Here's an example of one of the profiles from their work:
The profile at the top is the processed radar data; TWT in nanoseconds (1 ns is a billionth of a second) is the vertical scale on the left, depth in meters, with mean sea level as zero, is on the right. In order to display an image where the components are more clearly shown and interpretable, the whole thing is vertically exaggerated by a factor of five. If it weren't displayed this way, the true-scale version would look roughly like this - accurate, but difficult to interpret:
So, back to the main figure. The profile runs at right angles to the coast of the spit, with the surface topography at the top: the higher ground on the right shows the dunes at the back of the low beach ridges that run parallel to the shore. Now, with experience, local understanding, some cores (and a little imagination), the darker layers that are the reflectors of the radar pulses can be interpreted as successive sedimentary features, and the relationships between them examined. The one significant "layer" that is not a sedimentary feature is the strong, essentially horizontal, reflector that runs across the profile just above sea level: this is the top of the groundwater table, the boundary between dry sands above and wet sands below, a velocity contrast so dramatic that it bounces back a lot of the radar energy. The lower part of the figure is the geological interpretation of the radar data, with the main components of the architecture of the spit identified (my apologies for this only being in black and white, but it's still quite clear). The main elements are all inclined (dipping) towards the right, the shoreline, and represent episodes of growth of the spit, building through time, younger swathes of sand on top of older ones, from right to left (elements G to D).
But this growth is not continuous, it takes place in episodes, so that surfaces such as F represent the sea floor following a phase of sand build-up where the actions of waves and currents gently scour away at the sand surface. The result is a discontinuity in the sedimentary pile, the next flush of sand being deposited onto that somewhat modified surface. The boundary between the two building events shows up as a radar reflection, with the geometries of the sand layers above and below being slightly different - these surfaces are what are marked on the profile as unconformities. These are vital as they divide the foundation of the spit into successive episodes of deposition and quiescence. But even more important are the features labelled "C." These mark something far more dramatic than the normal ebb and flow of sand deposition: the base of each of these packages of sand is marked by a pronounced discontinuity - the layers beneath are chopped off, scoured, removed, with new piles of sand then dumped on top of them. These "cut and fill structures" are, as the notes on the figure record, telling us of periodic major events, storm surges scouring into the edge of the spit. They are essentially scoop-shaped excavations of the pre-existing sands, filled in, and, like the succession of layers beneath them, recording sequentially younger events from right to left (shorewards).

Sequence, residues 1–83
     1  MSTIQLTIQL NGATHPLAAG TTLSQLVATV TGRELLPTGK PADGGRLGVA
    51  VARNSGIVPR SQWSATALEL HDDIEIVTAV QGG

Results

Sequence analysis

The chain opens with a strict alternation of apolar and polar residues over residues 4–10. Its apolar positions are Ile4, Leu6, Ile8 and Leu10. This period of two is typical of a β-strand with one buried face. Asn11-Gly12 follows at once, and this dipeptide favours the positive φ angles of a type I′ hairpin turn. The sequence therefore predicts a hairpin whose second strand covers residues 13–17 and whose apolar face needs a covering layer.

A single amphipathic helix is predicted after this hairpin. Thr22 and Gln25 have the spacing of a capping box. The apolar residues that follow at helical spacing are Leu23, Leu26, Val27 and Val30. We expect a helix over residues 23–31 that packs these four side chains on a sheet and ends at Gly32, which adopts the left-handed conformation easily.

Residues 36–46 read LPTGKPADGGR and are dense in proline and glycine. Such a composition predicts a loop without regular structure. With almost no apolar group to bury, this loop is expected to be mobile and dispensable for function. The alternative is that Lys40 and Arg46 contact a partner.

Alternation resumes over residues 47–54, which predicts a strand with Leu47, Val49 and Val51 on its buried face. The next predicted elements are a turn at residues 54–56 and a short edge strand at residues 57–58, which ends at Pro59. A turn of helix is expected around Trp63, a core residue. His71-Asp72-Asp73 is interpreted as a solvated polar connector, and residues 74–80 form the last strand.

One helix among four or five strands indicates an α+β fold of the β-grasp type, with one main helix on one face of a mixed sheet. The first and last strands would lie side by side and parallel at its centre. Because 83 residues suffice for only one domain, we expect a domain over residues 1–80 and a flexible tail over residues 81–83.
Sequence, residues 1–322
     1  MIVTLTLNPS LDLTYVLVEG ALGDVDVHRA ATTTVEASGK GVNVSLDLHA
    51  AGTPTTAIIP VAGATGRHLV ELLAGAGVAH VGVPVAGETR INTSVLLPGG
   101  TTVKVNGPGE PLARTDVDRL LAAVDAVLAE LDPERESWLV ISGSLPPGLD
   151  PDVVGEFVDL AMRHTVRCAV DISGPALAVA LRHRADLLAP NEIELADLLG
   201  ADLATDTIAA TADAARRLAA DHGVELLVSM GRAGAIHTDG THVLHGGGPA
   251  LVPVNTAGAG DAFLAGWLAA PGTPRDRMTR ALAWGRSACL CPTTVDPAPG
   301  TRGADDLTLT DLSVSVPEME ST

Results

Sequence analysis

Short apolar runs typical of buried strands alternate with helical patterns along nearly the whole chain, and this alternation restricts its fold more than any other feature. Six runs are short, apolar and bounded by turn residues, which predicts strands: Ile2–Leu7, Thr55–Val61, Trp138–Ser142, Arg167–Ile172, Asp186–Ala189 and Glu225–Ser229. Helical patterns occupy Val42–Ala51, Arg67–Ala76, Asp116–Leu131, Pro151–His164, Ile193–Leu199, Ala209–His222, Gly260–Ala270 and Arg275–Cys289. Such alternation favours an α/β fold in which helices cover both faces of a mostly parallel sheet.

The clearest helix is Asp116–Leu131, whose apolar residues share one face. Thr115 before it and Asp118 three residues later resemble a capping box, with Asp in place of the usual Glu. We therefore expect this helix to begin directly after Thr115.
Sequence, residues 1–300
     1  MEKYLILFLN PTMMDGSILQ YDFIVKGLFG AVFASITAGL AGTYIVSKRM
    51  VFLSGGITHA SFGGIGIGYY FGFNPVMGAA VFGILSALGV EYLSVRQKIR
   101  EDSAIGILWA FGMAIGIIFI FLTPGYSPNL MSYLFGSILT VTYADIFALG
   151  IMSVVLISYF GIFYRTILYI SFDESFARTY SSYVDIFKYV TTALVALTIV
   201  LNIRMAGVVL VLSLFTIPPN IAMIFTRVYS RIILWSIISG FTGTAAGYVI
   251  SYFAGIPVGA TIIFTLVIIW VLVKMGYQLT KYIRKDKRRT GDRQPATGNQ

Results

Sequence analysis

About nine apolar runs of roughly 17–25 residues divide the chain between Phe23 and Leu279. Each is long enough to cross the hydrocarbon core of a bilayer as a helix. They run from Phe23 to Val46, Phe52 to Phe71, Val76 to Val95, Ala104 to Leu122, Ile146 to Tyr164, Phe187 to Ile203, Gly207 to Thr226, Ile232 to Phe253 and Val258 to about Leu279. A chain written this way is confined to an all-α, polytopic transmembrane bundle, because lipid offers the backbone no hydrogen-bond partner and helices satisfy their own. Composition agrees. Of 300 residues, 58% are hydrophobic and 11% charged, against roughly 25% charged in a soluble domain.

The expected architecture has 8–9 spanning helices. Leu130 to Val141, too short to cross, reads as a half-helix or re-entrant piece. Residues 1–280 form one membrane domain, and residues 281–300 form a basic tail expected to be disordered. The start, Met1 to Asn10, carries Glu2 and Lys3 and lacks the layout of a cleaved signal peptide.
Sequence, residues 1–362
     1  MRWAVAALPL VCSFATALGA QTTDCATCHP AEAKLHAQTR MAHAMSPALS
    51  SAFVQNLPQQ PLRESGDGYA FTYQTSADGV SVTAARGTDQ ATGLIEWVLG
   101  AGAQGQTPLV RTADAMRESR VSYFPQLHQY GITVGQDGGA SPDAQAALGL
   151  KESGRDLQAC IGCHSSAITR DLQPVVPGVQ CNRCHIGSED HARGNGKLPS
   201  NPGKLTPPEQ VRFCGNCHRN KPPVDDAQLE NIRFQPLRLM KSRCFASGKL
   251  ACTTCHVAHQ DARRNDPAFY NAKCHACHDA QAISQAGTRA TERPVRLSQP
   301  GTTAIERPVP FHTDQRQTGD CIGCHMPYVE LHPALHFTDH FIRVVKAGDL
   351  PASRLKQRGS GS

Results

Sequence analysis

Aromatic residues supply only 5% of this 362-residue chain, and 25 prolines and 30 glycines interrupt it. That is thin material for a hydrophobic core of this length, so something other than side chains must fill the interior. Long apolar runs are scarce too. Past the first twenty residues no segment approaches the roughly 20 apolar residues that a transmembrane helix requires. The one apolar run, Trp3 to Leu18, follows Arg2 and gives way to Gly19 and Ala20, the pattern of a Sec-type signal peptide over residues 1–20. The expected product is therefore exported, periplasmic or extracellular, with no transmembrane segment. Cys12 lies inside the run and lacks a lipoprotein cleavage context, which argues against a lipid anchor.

From numerous radar profiles and the core data, Lindhorst and his colleagues construct a model of how the spit evolves, each major episode of growth, ironically, spurred by an episode of erosion. Each storm surge event leaves a scarp, a small cliff, at the back of the eroded section, and this then acts as a sand trap, leading to the development of "embryonic dunes" along its length. Sand transported along the coast builds up the beach and is periodically recycled out to the edge of the spit. Fast-growing vegetation (largely marram grass, Ammophila arenarea) stabilises the dunes which form "foredune ridges," common features of hooked spits, and a new element of the spit is now firmly established. This sequence of events repeats itself every year or so, and the spit grows.
This work also established that the hooked spit of Sylt is considerably younger than the main island: it began forming perhaps as recently as 1300 years ago. Its growth is supplied by sand eroding from the coast to the south, and that supply has increased by a factor of two or three over the last few decades - most probably as a result of the increased efforts at beach nourishment. So tourists cause landscape changes.....
I'm still not quite clear why this spit is hooked, but presumably it's a reflection of the currents swirling around the entrance to the Wadden Sea, and the dramatically complex playground of sand.
[Header image: creative commons license, from Temporalata;
satellite images from Eovision; reference for
the Sedimentology paper: Anatomy and sedimentary model of a
hooked spit (Sylt, southern North Sea), SEBASTIAN LINDHORST, JÖRN
FÜRSTENAU, H. CHRISTIAN HASS, CHRISTIAN BETZLER, Sedimentology
Volume 57 , Issue 4 , Pages935 - 955;]